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Signing up for ROTC?

LadyDianeskiLadyDianeski 9 replies1 discussions
So, DS says there's a two-credit ROTC class that he'd like to sign up for (for Fall 2013). Kind of an intro class for interested kids...something like that? Does this sound familiar? We can't seem to find any such course listing. Can anyone here give us guidance?

Thanks in advance!!
edited May 2013 in University of Alabama
9 replies
Post edited by LadyDianeski on
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Replies to: Signing up for ROTC?

  • SEA_tideSEA_tide 19 replies0 discussions
    I've known people who've considered taking the first couple courses in the Air Force Studies ROTC program (AFS in the course catalog). My understanding is that the courses are not overly difficult unless one makes them overly difficult and that there is no uniform requirement for those not in ROTC.
    edited May 2013
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  • KeithS4789KeithS4789 2 replies0 discussions Harvard Champion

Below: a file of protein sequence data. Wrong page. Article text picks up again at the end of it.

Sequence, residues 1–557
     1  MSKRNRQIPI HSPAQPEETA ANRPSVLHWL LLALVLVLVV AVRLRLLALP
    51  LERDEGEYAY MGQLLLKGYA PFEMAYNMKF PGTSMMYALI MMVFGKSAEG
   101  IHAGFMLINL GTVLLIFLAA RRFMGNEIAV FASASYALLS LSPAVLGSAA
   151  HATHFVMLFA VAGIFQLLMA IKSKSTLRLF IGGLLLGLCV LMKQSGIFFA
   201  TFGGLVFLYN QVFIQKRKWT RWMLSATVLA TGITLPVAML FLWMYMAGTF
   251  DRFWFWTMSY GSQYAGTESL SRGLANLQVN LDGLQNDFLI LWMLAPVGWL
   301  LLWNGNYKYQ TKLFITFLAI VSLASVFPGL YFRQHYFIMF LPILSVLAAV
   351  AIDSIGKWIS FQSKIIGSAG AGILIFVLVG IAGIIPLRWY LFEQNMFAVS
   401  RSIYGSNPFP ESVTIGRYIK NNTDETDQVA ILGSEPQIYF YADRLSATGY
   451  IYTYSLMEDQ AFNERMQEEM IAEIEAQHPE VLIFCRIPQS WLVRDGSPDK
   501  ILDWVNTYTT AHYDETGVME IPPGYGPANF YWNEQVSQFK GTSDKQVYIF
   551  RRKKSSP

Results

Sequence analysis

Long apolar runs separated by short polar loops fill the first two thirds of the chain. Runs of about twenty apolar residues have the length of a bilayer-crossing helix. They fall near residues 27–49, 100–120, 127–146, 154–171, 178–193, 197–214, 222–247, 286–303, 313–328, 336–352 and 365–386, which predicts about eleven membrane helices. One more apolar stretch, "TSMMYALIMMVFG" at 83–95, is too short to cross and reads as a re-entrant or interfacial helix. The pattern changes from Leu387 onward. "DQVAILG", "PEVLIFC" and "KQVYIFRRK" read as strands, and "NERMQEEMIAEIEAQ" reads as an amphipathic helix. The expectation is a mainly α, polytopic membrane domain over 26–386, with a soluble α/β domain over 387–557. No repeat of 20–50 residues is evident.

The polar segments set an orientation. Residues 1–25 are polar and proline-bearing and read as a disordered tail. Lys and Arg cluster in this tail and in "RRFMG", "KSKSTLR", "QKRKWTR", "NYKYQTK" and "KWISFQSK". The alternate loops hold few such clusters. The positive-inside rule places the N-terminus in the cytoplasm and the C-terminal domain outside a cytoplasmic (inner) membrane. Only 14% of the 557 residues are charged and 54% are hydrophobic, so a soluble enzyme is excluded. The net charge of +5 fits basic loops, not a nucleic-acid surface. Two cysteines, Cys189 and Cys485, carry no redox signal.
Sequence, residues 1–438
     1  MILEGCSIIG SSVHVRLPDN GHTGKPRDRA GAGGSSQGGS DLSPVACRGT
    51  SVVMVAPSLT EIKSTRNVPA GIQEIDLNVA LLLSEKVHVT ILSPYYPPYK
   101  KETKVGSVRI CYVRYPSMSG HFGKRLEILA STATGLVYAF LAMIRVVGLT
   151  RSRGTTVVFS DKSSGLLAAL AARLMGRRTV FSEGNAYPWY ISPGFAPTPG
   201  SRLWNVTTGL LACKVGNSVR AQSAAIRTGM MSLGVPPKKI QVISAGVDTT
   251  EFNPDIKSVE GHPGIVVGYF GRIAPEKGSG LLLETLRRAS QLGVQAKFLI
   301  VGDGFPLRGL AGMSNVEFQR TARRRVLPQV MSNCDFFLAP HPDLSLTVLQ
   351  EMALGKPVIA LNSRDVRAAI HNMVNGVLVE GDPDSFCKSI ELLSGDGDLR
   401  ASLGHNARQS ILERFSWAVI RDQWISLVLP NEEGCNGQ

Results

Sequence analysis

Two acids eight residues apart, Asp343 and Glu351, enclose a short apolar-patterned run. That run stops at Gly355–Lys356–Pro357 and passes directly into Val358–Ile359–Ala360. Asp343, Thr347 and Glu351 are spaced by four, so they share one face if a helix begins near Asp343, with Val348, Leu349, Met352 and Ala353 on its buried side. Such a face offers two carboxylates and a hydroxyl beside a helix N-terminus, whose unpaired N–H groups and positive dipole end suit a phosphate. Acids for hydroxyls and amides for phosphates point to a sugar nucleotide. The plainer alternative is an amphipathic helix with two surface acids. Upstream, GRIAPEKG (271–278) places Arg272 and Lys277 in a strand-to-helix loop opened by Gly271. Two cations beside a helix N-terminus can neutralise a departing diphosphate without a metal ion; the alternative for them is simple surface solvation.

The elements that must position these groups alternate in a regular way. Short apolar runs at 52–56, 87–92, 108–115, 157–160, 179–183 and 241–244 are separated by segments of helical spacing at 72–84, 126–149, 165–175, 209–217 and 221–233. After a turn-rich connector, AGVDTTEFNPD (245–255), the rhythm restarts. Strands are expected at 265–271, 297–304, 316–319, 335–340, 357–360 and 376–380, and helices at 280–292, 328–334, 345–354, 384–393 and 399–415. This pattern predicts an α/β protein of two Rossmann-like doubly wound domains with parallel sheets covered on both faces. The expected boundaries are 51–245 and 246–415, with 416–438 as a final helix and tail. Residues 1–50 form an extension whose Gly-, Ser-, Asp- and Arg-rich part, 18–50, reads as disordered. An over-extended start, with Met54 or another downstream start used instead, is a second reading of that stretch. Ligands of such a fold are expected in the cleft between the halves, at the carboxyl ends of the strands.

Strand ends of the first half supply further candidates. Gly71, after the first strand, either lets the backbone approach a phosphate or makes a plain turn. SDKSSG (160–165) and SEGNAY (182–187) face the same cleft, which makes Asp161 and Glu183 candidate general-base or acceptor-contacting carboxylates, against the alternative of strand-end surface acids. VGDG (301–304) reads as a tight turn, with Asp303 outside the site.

Do you know which program he's interested in (Air Force or Army)?

    If he's considering the two hour option for Air Force, he will need a uniform and will have to participate in at least two PT sessions a week. If he does the one hour class then PT is not required. In the course catalog it specifies that the courses are corequisites for AFROTC participation, but if he is just taking the classroom course then the corequisite requirement can be waived and he will be admitted as a "special student" instead of a cadet. If he does the two hour option, then he will need to dedicate around 4-5 hours a week to AFROTC.

    If it is ARMY ROTC he's interested in, I can provide some details but I'm not as familiar with their procedures and curriculum. I participated in AFROTC for about 5 semesters and can give more information if you have any specific questions.
    edited May 2013
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  • mom2collegekidsmom2collegekids 212 replies4 discussions
    Since your son has the NMF scholarship covering tuition and housing, does doing ROTC obligate him to anything even though he's not getting these expenses covered?